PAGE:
The first part recalls a poor man's Chabrol,depicting the luxury world of the bourgeoisie .Trintignant ,a very earnest thespian,seems ill at ease ,but the women often strip bare ,to the viewer's great enjoyment.

The second part is Lenzi trying to make his own "Diaboliques" :the heroine 's first name is Nicole ,like in Clouzot's classic ;it's almost absolute plagiarism -except for the mediocre ending- ,including the "clues" Baker scatters to frighten her mate and to make her believe that her dear husband might possibly be still alive .

Take Dario Argento's movies instead:their screenplays ,though influenced by Hitchcock ,are much more exciting and original.
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1/10
"He enjoys using me! It's sick!"
moonspinner5513 September 2015
Carroll Baker's second of four films with Italian director Umberto Lenzi (whose standard predilection for amusingly arty camera angles, lesbian flirtations and bare-breasted women did little to enhance his reputation as a filmmaker) is agonizingly slow and woefully overlong. A French businessman, unfaithful to the haughty wife he no longer loves, becomes infatuated with the American woman living in the apartment above his, the apparent victim of spousal abuse. The men in Lenzi's giallo productions are never required to strip below the waist, leaving his actresses looking vulnerable and used. Baker manages to stay covered most of the time, but the role doesn't require anything additional from her. Poorly-dubbed, blurry-romantic escapades among the decadent and doomed. * from ****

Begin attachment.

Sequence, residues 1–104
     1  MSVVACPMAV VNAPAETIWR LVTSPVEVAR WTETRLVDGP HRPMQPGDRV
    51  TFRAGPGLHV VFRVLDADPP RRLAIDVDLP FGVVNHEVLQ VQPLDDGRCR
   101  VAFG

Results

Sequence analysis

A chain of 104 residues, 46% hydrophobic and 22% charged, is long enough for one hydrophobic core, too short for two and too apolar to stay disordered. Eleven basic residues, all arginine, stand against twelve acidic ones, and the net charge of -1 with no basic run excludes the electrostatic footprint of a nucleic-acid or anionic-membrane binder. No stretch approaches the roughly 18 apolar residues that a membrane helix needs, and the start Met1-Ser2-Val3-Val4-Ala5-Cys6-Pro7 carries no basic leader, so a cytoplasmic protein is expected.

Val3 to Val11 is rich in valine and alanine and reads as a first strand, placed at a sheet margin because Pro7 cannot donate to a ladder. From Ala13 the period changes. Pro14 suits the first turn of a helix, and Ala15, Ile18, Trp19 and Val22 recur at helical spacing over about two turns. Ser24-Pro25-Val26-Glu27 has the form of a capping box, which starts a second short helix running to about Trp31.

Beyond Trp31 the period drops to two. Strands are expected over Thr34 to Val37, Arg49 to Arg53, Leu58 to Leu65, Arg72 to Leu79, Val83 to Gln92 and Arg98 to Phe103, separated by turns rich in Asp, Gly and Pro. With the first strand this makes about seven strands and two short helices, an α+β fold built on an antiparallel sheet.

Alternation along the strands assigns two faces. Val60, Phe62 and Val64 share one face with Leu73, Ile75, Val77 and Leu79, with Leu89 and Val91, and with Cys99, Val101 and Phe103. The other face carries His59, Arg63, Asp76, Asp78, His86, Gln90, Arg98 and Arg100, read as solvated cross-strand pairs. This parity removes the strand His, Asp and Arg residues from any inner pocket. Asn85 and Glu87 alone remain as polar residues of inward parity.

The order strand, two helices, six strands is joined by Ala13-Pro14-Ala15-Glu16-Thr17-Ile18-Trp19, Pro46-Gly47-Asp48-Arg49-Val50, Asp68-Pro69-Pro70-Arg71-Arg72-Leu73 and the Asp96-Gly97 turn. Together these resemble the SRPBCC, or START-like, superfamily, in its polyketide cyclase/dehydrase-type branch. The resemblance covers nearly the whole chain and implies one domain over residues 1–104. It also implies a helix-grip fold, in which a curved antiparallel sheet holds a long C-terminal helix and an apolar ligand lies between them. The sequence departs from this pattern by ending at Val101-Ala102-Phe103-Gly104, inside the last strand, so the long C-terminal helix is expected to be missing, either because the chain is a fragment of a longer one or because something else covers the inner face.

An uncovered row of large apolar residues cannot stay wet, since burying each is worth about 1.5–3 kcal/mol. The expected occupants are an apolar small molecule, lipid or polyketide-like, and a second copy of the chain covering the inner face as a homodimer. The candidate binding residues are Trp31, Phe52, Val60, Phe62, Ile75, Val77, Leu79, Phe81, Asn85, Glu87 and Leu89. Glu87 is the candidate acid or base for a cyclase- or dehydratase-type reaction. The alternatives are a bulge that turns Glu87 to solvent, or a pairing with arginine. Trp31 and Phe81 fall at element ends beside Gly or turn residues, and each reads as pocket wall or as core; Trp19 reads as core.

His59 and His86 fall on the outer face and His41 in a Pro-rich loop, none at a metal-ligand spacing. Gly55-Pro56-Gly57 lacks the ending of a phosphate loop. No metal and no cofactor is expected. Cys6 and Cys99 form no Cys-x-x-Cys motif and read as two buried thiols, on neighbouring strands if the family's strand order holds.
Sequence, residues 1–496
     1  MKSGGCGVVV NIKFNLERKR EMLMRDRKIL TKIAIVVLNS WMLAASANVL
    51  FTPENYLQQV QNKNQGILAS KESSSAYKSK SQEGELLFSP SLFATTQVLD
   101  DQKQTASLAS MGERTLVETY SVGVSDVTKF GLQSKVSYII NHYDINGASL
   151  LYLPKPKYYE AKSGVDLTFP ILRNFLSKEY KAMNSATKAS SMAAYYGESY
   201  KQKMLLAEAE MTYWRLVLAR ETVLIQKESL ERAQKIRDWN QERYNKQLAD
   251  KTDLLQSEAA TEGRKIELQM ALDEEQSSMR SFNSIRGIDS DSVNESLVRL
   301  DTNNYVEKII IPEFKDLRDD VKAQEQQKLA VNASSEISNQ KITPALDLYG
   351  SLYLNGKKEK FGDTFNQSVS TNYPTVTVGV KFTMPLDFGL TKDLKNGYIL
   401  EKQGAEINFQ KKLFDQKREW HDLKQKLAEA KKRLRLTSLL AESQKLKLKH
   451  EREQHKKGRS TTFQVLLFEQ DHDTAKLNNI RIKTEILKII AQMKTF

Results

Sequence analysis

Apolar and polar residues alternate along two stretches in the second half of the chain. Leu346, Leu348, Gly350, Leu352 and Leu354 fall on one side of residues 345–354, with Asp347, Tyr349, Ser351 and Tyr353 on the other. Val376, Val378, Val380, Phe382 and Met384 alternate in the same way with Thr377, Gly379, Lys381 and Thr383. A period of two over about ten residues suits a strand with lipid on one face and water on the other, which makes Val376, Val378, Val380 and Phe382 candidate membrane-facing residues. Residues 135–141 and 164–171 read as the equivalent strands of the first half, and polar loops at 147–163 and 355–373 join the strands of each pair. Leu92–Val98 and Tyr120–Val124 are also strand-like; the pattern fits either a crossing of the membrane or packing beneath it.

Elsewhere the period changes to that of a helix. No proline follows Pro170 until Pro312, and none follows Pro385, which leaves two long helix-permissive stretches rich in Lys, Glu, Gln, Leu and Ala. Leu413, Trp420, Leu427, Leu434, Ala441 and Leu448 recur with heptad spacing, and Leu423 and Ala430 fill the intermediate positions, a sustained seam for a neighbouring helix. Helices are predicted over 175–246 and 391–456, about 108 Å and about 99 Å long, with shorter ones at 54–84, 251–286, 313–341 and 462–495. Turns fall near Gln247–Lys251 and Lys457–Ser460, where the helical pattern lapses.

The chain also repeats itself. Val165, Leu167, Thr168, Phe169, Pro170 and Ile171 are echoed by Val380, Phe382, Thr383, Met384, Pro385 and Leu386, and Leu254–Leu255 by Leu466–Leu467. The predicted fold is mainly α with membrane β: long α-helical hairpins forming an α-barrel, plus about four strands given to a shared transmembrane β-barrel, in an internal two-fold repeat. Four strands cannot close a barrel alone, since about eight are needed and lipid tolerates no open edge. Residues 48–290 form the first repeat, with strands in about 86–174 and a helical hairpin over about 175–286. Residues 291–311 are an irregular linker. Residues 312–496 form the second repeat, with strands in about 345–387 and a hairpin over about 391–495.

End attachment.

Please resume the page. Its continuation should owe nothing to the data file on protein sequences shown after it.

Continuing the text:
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7/10
check your brain at the door and enjoy the style
dopefishie24 December 2020
Check your brain at the door and enjoy the style

This film looks great, sounds great, and is well acted. However, the plot is full of holes and red herrings.

It's good for a single viewing, but the lack of cohesion with scenes that don't make sense given the overall story detracts from its rewatchability.
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6/10
Diaboliques cover
BandSAboutMovies15 June 2020
Warning: Spoilers
Umberto Lenzi's early giallo - before the Argento influenced Seven Blood Stained Orchids - feel more like film noir than the standard films of the genre. Speaking of that same movie, it would also use the J. Vincent Edward song "Why." And while we're discussing influences, this movie is definitely feeling all sorts of Les Diaboliques.

Jean (Jean-Louis Trintignant, Amour) is a rich socialite who has come to the aid of Nicole (Carroll Baker!), a gorgeous woman mixed up with Klaus (Horst Frank, The Dead Are Alive). Sure, Jean is married, but that doesn't stop him from falling for her, even when he learns that she's been paid to kill him. Of course, his wife Danielle (Erika Blanc!) is mixed up in this, but Nicole is smarter than she seems. Beryl Cunningham (The Salamanders) is also in this as a dancer and Helga Line (Nightmare Castle) is on hand as well.